Three much smaller movies are also taking on this weekend, though none seem likely to make an impact. The generically-titled Prom may have the best chance, thanks to its theme and young, attractive cast, though Aimee Teegarden is really the only truly recognizable face in the crowd. Produced by Disney, it's a sort of Altman-esque overlapping story about a group of graduating high school seniors, and their hopes and fears and all that crap. Comparing it to Altman is of course doing it a tremendous favor, as it looks to redefine fluff. Any movie about Prom that's rated PG inherently lacks a certain verisimilitude, if you know what I'm sayin'. Opening at 2,700 venues, it should see an opening weekend of about $8 million.
Hoodwinked Too seems to fall into the category of “who asked for this”? A sequel to 2006's Hoodwinked, a modern wise-cracking take on fairy tales (with slightly less pop culture referencing than Shrek) featuring characters like Red Riding Hood and the Big Bad Wolf as they team up to fight crime. Ooh, high concept!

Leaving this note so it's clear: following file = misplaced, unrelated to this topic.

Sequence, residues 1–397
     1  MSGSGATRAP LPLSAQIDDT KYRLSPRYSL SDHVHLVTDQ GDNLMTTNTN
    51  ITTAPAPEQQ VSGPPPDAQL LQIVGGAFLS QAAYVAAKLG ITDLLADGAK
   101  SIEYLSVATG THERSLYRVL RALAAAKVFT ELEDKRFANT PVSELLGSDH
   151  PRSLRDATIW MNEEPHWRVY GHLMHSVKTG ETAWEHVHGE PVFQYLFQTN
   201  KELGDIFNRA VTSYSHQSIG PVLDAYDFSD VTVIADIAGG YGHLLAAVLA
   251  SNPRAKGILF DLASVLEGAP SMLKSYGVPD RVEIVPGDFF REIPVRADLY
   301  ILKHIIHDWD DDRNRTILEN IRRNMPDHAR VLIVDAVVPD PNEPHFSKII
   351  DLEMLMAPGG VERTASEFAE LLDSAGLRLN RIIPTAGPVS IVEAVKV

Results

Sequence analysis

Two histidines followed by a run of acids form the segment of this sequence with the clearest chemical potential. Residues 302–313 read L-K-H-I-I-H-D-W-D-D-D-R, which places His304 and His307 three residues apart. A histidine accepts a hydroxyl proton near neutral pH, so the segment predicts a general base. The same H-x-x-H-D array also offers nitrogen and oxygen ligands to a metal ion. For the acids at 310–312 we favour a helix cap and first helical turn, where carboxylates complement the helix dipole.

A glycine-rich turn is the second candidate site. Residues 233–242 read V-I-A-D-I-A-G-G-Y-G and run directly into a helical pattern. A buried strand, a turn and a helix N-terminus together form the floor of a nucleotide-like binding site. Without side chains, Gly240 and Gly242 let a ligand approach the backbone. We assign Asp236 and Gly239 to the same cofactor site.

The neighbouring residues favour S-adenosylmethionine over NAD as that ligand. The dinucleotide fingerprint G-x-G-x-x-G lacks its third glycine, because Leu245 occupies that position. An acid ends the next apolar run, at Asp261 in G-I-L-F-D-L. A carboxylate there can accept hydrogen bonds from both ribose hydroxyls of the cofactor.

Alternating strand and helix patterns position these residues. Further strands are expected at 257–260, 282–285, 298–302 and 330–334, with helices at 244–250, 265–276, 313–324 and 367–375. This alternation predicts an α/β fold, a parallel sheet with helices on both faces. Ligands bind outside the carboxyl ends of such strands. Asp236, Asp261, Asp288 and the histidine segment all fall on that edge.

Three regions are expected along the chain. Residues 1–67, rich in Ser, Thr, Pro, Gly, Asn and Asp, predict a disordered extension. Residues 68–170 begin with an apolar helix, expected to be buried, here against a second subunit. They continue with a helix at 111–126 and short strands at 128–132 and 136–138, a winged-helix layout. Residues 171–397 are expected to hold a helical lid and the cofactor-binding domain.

While the original film had a cult following among animation enthusiasts, it landed in the middle of the period where animation had reached a saturation point and there were no sure things in the genre anymore. Sub par animation doomed it to just $50 million domestic, but with 3D putting another upswing into the genre why not try again with a new cast? Hayden Panettiere, Patrick Warburton, Joan Cusack, Glenn Close, Bill Hader and Amy Pohler give the voice cast a lot of juice, but the series remains an also-ran even to the likes of Rio and Rango. With little ad support and a critical drubbing, it should see just $6 million this weekend.